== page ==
The worry on his fans’ part, given his radicalism on screen, is that Colbert will have to ultimately fit in with the conservative mores of late night. Until the appointment of Jimmy Fallon to The Tonight Show on NBC, the generic path back to Johnny Carson was still faithfully plotted and maintained. But perhaps these concerns should be tempered: With the departures of Jay Leno and Letterman, and the appointment of younger, less well-behaved comics, late night suddenly has a new friskiness about it. A flailing genre seems revitalized, if “revitalized” means youth, though not female, or black, or openly gay talent.
In his first month on air, Fallon added to Leno’s audience. His problem, as one critic said, is that as an interviewer he tends to perform, rather than interview, to ingratiate rather than interrogate.
In the most recent statistics from late March, Fallon was beating Letterman, with Kimmel trailing in third. For industry watchers, come 2015, this is a Colbert vs Fallon game.
Colbert and CBS should feel emboldened by the successful incursion of relative youth into late night; the heartland audience suddenly appears less conservatively amorphous. After years of being a placid backwater where silver-haired men sent America to sleep with folksy jokes, knowing winks, and indulgent chats with celebrities, late night’s waters are refreshingly choppy and disturbed. The first lady feels confident enough to appear in parodic sketches, as long as they—in a rare Fallon misfire—clunkily promote her health-care initiative.
If you are not one of the almost four million viewers of Letterman, or the Jimmys Fallon and Kimmel when their shows are transmitted, you will see their news-making sketches that featured on their previous night’s shows the next morning online.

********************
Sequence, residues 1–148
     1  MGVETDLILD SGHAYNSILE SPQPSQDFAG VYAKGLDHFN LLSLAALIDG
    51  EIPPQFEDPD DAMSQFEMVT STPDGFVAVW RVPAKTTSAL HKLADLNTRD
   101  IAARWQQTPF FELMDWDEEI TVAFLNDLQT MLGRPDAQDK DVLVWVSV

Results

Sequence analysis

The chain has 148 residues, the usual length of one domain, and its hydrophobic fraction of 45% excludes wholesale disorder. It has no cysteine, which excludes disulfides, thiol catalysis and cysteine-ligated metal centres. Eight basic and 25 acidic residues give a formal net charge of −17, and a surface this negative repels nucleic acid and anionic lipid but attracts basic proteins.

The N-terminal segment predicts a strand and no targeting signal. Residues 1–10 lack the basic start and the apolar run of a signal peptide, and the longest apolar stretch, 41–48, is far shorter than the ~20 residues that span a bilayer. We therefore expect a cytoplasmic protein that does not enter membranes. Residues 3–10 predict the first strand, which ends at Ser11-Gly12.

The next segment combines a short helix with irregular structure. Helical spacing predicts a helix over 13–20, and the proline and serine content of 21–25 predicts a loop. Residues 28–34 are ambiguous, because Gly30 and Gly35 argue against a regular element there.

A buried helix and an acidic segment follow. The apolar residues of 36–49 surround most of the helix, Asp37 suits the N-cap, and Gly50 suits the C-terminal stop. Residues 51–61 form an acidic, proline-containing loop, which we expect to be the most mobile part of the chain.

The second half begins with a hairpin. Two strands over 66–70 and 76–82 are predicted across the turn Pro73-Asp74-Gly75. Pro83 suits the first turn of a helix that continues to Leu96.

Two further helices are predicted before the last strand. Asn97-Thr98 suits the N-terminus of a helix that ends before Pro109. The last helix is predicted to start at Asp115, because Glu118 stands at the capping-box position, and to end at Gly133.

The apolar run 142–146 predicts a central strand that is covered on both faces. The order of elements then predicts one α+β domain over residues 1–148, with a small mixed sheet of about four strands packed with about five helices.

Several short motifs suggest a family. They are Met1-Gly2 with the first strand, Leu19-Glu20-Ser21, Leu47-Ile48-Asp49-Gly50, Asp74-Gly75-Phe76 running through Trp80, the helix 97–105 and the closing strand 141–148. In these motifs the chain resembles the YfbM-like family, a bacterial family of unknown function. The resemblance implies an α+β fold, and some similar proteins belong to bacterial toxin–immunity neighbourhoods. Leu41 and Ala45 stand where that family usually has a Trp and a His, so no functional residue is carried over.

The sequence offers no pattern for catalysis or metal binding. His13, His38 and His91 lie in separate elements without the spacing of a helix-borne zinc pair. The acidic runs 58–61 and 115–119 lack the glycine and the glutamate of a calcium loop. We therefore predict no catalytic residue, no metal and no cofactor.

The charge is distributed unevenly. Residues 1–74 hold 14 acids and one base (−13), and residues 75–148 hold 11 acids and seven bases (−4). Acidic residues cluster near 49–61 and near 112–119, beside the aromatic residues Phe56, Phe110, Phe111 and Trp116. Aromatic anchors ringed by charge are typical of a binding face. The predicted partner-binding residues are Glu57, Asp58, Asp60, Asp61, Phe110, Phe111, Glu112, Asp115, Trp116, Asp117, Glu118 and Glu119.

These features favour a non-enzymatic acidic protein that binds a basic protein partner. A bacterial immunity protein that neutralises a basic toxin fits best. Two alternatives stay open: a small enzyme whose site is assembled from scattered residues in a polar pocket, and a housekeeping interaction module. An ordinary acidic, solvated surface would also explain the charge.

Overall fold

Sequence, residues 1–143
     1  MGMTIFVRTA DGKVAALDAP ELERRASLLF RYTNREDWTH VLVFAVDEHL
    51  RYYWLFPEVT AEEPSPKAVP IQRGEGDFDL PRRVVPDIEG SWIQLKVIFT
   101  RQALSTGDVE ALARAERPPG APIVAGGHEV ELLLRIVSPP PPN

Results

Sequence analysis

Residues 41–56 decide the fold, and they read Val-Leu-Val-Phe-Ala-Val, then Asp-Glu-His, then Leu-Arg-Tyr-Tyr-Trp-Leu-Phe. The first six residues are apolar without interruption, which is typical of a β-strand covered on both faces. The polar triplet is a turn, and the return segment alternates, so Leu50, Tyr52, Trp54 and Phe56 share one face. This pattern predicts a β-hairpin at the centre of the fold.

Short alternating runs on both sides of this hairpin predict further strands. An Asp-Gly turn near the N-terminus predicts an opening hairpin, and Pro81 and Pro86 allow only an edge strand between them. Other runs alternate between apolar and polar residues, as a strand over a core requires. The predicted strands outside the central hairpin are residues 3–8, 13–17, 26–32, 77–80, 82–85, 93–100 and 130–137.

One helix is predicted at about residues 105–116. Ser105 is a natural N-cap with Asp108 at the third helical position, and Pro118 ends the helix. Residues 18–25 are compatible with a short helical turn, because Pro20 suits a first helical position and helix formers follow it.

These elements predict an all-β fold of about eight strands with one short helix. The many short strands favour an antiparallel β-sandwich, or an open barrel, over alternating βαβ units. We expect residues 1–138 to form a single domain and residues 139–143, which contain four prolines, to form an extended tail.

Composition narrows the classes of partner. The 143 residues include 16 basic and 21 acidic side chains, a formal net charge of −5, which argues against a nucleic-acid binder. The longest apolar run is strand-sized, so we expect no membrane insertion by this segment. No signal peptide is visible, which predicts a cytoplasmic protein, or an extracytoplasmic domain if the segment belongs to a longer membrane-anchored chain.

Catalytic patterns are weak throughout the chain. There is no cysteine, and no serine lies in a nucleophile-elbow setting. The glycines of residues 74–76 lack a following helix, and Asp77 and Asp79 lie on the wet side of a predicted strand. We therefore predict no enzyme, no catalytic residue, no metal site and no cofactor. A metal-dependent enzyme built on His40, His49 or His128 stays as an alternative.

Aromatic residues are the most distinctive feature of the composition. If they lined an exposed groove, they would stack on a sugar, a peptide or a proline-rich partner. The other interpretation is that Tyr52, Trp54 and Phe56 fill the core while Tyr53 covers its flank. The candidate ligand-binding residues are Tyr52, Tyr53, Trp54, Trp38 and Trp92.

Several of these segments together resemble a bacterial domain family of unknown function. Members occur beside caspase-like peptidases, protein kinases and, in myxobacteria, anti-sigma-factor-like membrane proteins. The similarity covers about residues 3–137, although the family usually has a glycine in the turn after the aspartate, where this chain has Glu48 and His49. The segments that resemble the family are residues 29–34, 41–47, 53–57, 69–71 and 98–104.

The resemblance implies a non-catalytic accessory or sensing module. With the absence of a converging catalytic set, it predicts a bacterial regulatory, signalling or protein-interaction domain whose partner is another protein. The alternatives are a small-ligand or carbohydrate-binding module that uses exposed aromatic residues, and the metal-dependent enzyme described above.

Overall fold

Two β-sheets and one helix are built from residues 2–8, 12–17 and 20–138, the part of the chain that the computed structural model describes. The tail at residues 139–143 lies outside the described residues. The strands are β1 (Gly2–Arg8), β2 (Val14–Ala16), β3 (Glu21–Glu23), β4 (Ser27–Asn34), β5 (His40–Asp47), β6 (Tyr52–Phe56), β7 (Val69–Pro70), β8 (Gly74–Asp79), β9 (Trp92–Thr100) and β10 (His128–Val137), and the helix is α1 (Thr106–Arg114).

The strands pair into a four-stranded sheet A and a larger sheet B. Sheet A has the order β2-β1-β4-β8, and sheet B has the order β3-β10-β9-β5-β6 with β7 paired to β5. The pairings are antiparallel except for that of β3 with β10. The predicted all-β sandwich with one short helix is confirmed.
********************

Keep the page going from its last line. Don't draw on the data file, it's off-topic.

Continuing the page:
The generational shift was first signaled by Kimmel, the first of the new intake, who took on his ABC show in 2003, after helming—with Adam Carolla—the male-behavior satirizing The Man Show, which featured—satirically, of course—a group of buxom dancing and trampolining women called the Juggy Girls.
But apart from a set of spiky, funny skits with Matt Damon, culminating in the actor taking over the chat show and a memorably uncomfortable interview with Kanye West, Kimmel’s edge has mellowed. With Fallon and now Colbert, a staid and slumbering genre is getting an injection of comedic life, which will also likely free up Kimmel.
One thing remains annoyingly clotted and constant in the shows: the celebrity interview. No presenter has yet managed to maintain any constructive distance between themselves and their Hollywood guests. Film stars and politicians are still bussed in to sell their products, in the most craven way possible. If Colbert’s contribution would in any way to disturb this queasily stifling love-in, it would be achievement enough.
“I don’t have that gear, I don’t think,” Jon Stewart said of not being the pick to present The Late Show. “I just don’t really have it anymore. I really like what I do, not that Stephen doesn’t. But he has a real opportunity to broaden out in a way that I don’t.” Indeed, Colbert’s performer’s intelligence will most likely see him craft the right persona for late night; if that Colbert isn’t the extreme satirist of the last nine years, he will also not be rendered predictable and de-incendaried. While we know Fallon and Kimmel’s personalities, the very unpindownability of Colbert is a plus. For all his ubiquity, not in role he is a blank slate.
Just last month in a deliciously fun game of “Truth or Truth,” on an episode of The Tonight Show With Jimmy Fallon, the final question was Colbert’s to Fallon. Apart from his own show, what was Fallon’s favorite late-night show that aired at 11.30 p.m., Colbert asked. Fallon took his own sweet time. “Re-runs of Rizzoli and Isles,” he said, finally. “Great show.” Did Colbert, or Fallon, know then that Colbert himself would be a possible answer, and Fallon’s competitor? Neither man’s face betrayed a thing.